May 15, 2016 (Vol. 36, No. 10)

Overcoming Issues Associated with Antibody-Oligonucleotide Conjugation

First developed in 1992, immuno-PCR combines an ELISA (enzyme-linked immunosorbent assay) with PCR (polymerase chain reaction) to offer a significant increase in sensitivity compared with traditional ELISA. The technique works by coupling antibody specificity with DNA amplification.

However, despite demonstrating significantly greater sensitivity and a much wider dynamic range than an ELISA, immuno-PCR is not yet widely used.

The main reason for this is the time and complexity associated with conjugation of antibodies to oligonucleotides. Furthermore, the conjugation process can use considerable amounts of antibody, with losses being incurred during column-based purifications. New developments in antibody conjugation technology however mean that immuno-PCR can now be carried out much more efficiently.

Standard Immuno-PCR Process & Comparison with Standard ELISA

In the seminal immuno-PCR performed by Sano et al., Bovine Serum Albumin (BSA) was immobilized on microtiter plates, and was then detected with a monoclonal antibody to which a streptavidin-protein A chimera was attached. Biotinylated linear DNA was then added to the wells, amplified by PCR, and analyzed by agarose gel electrophoresis. This technique has subsequently evolved to incorporate rtPCR as a detection method, adding quantitation to the assay (Figure 1).

The main steps of an immuno-PCR assay are as follows:

1. Immobilization of antibodies specific for the protein target to the surface of a vessel
2. Washing to remove unbound antibody
3. Addition of sample
4. Washing to remove unbound sample
5. Addition of a second specific antibody, coupled to a DNA molecule
6. Washing to remove unbound antibody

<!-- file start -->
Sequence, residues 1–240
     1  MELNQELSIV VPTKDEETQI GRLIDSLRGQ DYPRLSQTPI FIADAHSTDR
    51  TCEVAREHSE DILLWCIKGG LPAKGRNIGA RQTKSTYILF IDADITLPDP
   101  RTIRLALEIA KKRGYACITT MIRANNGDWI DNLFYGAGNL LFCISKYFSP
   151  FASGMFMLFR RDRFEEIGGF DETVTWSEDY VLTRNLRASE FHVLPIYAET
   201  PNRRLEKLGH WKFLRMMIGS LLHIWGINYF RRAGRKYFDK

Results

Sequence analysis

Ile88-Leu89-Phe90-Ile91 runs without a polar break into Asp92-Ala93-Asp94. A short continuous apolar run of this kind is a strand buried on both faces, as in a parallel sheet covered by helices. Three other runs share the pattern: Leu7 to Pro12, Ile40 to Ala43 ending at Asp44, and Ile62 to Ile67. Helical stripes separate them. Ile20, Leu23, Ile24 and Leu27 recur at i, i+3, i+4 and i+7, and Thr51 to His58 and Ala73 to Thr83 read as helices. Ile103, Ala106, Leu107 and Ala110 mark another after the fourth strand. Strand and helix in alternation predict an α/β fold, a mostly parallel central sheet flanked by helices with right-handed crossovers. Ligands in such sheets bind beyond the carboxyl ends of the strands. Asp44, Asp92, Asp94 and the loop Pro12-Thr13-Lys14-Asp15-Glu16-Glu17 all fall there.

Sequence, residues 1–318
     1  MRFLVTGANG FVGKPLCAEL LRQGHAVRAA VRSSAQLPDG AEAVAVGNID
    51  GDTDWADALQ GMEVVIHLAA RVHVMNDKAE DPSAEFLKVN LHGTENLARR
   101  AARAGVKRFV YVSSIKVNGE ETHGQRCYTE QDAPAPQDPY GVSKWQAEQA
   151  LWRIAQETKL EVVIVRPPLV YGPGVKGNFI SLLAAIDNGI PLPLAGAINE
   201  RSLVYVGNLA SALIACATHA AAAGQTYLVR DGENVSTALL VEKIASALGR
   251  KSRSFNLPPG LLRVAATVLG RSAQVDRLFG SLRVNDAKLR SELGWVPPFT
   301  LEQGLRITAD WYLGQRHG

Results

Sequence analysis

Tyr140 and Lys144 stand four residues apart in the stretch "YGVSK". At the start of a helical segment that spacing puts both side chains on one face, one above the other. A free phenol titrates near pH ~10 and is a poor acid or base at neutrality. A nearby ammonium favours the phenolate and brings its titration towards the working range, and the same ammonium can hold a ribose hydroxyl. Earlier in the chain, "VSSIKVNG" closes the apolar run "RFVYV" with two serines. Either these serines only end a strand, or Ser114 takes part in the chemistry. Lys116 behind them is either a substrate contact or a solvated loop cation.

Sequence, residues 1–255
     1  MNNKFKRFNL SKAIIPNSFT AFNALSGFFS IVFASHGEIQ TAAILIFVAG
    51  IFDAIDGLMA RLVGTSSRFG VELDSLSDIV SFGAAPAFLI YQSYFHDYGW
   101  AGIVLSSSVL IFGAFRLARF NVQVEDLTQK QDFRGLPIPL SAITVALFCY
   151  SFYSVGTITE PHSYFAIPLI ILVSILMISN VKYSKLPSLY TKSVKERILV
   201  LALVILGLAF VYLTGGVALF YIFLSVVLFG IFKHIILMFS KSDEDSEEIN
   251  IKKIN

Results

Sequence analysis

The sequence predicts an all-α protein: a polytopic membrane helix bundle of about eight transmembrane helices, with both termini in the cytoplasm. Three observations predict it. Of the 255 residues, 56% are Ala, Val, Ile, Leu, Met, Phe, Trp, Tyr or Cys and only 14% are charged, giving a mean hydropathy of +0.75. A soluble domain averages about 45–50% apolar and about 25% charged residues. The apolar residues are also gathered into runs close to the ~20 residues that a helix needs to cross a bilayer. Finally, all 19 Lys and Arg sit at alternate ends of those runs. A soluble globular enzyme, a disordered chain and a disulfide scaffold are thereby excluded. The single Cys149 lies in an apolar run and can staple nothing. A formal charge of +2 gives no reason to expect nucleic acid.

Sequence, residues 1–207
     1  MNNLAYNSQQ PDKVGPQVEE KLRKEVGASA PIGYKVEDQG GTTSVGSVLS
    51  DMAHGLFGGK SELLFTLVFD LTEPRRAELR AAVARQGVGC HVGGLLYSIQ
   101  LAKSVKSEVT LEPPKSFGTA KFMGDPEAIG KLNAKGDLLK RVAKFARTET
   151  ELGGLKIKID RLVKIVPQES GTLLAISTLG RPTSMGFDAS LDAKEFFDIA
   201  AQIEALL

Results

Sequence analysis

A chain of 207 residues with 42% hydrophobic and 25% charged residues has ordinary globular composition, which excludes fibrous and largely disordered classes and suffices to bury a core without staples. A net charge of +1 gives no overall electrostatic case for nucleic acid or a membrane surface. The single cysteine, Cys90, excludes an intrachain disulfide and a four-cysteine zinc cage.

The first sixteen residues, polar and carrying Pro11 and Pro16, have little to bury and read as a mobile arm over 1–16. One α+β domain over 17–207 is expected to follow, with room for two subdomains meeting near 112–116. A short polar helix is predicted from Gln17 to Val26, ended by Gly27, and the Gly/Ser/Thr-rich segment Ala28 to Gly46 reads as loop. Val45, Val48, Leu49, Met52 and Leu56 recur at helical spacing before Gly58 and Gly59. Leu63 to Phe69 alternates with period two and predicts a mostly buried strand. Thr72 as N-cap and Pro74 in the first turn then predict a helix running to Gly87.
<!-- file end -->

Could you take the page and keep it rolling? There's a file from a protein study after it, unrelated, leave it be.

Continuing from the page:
7. DNA amplification and detection

In their 2005 publication, Lind and Kubista described the development of an immuno-PCR assay to quantify PSA in patient serum samples, and compared the results with those from a standard ELISA assay. PSA is a glycoprotein that is produced by the prostate gland and is a well-known marker for prostate cancer. PSA levels in the blood are usually extremely low. However, elevated serum concentrations may be indicative of prostate disease.

Lind and Kubista used two different monoclonal antibodies to PSA in their experiments, one for microplate coating, and the other for conjugation to a 67-base strand of linear DNA. In summary, preparation of the antibody-DNA conjugate involved activation of the antibody with thiol groups and activation of the DNA through the addition of an N-terminal amine group, column-based purification and elution of the activated antibody and DNA, mixing of the two solutions, column-based purification and elution of the conjugate, and removal of free antibody and DNA.

Figure 1. Schematic representation of an immuno-PCR assay. Capture antibody is immobilized on to the microplate surface and detected with an antibody-DNA conjugate. The DNA is then amplified and quantified by rtPCR.

Following production of the antibody-DNA conjugate, the immuno-PCR assay was developed and optimized. An overnight incubation was used to immobilize the capture antibody on to a microplate, after which the wells were washed and then blocked. During the blocking step, PSA standards or test serum samples were incubated with the antibody-DNA conjugate; these samples were then added to the microplate and incubated. After incubation the microplate wells were washed thoroughly. Two primers were used to generate a 65-base-pair-long product, which was fluorescently quantified by rtPCR.